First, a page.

May 12, 1930
IN RE THE CEDARHURST; THE TROJAN
Appeal from the District Court of the United States for the Southern District of New York.
Before L. HAND, AUGUSTUS N. HAND, and CHASE, Circuit Judges.
AUGUSTUS N. HAND, Circuit Judge.
The Cedarhurst, a molasses tanker of 5,030 tons gross register and heavily loaded, was proceeding up the Hudson river. She was followed by the Albany night boat Trojan, a side-wheel steamer of 2,571 tons gross register. The Trojan was running at a speed of about 12 knots per hour on a customary set course of north by west 18 west from a point a little below Haverstraw to a point about 700 or 800 feet off Stony Point, where a change of course to north three-fourths west was to be made. The Cedarhurst was proceeding at a speed of about 6 knots an hour on a course north three-fourths west.
The Trojan when not more than a quarter of a mile from the Cedarhurst blew a passing signal of one whistle, and the latter answered it by a like signal. The witnesses for the Trojan said the vessels were at this time on parallel courses spaced about 275 feet apart, and that they continued on these courses until the Trojan overlapped the Cedarhurst on her starboard side, whereupon the Cedarhurst suddenly sheered toward the Trojan and the two vessels collided. The witnesses for the Cedarhurst, on the other hand, said that, after passing signals were exchanged, the Trojan in attempting to go by the Cedarhurst crowded too close on her and finally sheered into her. Each vessel claimed that she was running on a steady course and that the other vessel sheered into her.
A libel was filed by Hudson River Navigation Company to recover damages against the Cedarhurst for the collision and a crosslibel by Steamer Freeport Corporation to recover damages against the Trojan. The trial judge found that the Cedarhurst suddenly, and without excuse, sheered into the Trojan at an angle of about 15 deg., when the latter was properly navigating on a course practically parallel to that of the Cedarhurst and from 200 to 275 feet therefrom. He accordingly granted an interlocutory decree to the Trojan against the Cedarhurst and dismissed the cross-libel filed on behalf of the latter. From the resulting decrees, this appeal is taken.
The trial judge rested his findings chiefly upon the testimony of Veghte, a passenger on the Trojan, and Gritmon, master of the tug Bavier, who were apparently disinterested witnesses, and Warner, the master of the Trojan, whose testimony impressed him favorably.
Veghte was looking out of the window of his stateroom, which was on the port side of the Trojan; he heard the exchange of whistles and felt the severe impact of the collision. He said, in respect to the Cedarhurst: "I continued to watch this boat until it proceeded to come directly towards the Trojan. * * *" When asked whether he saw the Cedarhurst change her course, he said: "Well that I couldn't say, I think according to landmarks, it was a clear night, she changed her position somewhat. * * * Toward the Trojan." He was asked whether he observed any alteration in the course of the Trojan, and replied: "I couldn't say positively."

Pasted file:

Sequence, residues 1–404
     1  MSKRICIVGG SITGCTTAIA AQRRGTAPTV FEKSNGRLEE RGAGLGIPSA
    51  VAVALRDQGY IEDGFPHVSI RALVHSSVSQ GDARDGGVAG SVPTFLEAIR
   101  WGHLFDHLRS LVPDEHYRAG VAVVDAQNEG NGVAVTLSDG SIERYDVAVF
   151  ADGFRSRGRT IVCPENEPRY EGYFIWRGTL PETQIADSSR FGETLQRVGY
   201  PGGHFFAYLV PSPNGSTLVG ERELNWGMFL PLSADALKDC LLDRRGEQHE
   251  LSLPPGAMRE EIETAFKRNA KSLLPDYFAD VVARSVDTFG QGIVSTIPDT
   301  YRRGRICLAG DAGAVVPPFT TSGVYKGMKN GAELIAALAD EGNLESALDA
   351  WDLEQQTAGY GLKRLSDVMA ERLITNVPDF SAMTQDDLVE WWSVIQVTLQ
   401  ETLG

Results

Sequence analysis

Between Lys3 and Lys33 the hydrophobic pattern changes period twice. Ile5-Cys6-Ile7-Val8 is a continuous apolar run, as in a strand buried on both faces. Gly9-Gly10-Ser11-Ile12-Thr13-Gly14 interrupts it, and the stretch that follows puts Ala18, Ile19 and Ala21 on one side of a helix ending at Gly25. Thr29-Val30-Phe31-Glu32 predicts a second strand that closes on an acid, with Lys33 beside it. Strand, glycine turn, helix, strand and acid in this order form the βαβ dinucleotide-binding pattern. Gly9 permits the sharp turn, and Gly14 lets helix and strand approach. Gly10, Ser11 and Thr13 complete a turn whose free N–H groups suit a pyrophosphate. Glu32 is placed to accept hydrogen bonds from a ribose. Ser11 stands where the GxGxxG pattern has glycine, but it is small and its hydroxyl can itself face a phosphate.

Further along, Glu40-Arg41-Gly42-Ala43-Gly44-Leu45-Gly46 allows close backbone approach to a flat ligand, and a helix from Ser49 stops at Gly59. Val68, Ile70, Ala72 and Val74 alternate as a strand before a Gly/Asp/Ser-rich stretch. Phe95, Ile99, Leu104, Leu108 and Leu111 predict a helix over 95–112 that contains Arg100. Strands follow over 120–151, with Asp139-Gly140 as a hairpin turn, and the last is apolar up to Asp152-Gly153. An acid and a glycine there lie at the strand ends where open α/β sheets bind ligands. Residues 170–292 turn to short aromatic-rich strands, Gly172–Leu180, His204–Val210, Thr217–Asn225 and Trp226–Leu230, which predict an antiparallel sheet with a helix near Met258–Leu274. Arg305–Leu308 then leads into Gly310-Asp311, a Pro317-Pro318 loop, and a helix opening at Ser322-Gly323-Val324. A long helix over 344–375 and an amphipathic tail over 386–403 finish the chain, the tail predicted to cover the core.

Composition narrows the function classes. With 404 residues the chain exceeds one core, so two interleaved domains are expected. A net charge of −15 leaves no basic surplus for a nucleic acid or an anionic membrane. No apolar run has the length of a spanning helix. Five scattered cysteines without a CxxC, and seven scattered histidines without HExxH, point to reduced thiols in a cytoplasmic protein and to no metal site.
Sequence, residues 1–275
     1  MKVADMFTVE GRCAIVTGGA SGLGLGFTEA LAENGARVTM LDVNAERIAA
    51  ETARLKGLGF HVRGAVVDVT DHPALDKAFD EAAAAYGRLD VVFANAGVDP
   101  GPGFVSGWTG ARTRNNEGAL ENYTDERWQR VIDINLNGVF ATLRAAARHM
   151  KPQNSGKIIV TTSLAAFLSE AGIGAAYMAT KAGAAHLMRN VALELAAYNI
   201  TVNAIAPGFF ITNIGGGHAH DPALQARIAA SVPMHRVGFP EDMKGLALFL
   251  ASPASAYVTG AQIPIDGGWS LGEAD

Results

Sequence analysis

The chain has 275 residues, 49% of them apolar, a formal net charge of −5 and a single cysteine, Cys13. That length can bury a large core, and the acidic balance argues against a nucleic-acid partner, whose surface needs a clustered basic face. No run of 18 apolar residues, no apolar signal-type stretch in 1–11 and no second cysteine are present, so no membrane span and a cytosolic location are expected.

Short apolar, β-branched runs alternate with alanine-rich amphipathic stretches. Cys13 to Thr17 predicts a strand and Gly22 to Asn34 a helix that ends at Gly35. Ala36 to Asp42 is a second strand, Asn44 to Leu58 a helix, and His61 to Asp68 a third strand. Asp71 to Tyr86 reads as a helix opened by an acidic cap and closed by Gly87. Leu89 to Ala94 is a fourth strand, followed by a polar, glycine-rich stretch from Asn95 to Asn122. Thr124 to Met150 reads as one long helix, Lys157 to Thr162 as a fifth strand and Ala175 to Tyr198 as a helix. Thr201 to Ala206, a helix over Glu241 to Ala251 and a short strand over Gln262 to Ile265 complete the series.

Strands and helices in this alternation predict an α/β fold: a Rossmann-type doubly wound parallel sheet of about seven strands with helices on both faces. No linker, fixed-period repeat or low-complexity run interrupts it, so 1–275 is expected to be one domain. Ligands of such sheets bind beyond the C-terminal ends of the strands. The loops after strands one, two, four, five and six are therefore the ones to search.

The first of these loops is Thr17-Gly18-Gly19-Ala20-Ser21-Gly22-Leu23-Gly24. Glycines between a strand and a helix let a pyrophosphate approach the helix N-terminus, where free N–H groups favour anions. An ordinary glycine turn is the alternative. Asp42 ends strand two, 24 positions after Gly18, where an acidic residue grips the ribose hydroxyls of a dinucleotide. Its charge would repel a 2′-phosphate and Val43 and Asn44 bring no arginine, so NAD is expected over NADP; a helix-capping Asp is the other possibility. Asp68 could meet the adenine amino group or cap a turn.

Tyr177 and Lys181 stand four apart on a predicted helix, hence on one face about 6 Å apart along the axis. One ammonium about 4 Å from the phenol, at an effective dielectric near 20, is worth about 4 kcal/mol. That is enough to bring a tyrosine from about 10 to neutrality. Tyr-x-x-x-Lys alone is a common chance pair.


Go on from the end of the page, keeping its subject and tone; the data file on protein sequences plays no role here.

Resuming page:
It seems manifest that such testimony offered as proof of sudden sheering by the Cedarhurst is of but the slightest weight. Veghte not only was not shown to have been a person competent accurately to observe the things he attempted to describe, but he even admitted that he could not say positively whether there was any alteration in the course of the Trojan, and added on cross-examination: "I wasn't watching for any." How any person, least of all a passenger, presumptively unfamiliar with maritime affairs, could determine that a colliding vessel had changed her course when he did not know whether the vessel he was on changed hers is hard to see. But Veghte's testimony is especially valueless when he has in so many words disclaimed observing any alteration in the course of either ship. It is usual, if not inevitable, for one who does not notice the course of his own vessel to say that a vessel with which she collided steered into her. But, where his observation is as limited as here, his impressions afford little proof of the correctness of his conclusions.
Gritmon's testimony likewise is of slight weight. The tug Bavier, of which he was master, was 600 feet to the west of the Cedarhurst and somewhat to the north. As soon as the Trojan overlapped the Cedarhurst, the former was more or less hidden by the Cedarhurst from Gritmon's observation and not until the Trojan had overlapped did he say that the sheer began. When off at one side, he was in no position to judge accurately of the course of either vessel, and his statement that, when he came up to the Cedarhurst after the collision, he saw that the water in the river was muddy, throws doubt upon his reliability as a witness, for there is not a particle of testimony that the Cedarhurst everwent aground.
Warner, the master of the Trojan, was in his room at the time of the collision, and did not go on deck until he felt the jar. He did look out of the window when he heard the exchange of signals and thought that the courses of the two vessels lay about 275 feet apart and were parallel and that the Trojan was then about this same distance behind the Cedarhurst. He did not see the collision, and could not testify that the Cedarhurst sheered.
The pilot and the quartermaster of the Trojan said that, when she was running on a course 275 feet to the east of the Cedarhurst and had already lapped her, the latter vessel suddenly sheered into the Trojan.
The testimony of various eyewitnesses, when supporting the conclusions of an experienced trial judge, would not ordinarily be reviewed by us. But the claim that a vessel running on a course parallel with that of another, and spaced 275 feet from the course of the latter, suddenly sheered into her, requires weightier proof than we find in this case. We more readily reach this conclusion, when the trial judge said in his opinion that he was unable definitely to ascertain the reason for the sheer. He thought it likely that a wrong order may have been given to the helmsman, but felt it was enough to base the liability of the Cedarhurst upon a sheer, whether explicable or not. He said: "It is sufficient to have found that the cause of the collision was the sheer of the Cedarhurst." To us the inherent improbabilities of the proof of this sheer are so great as to destroy its probative force.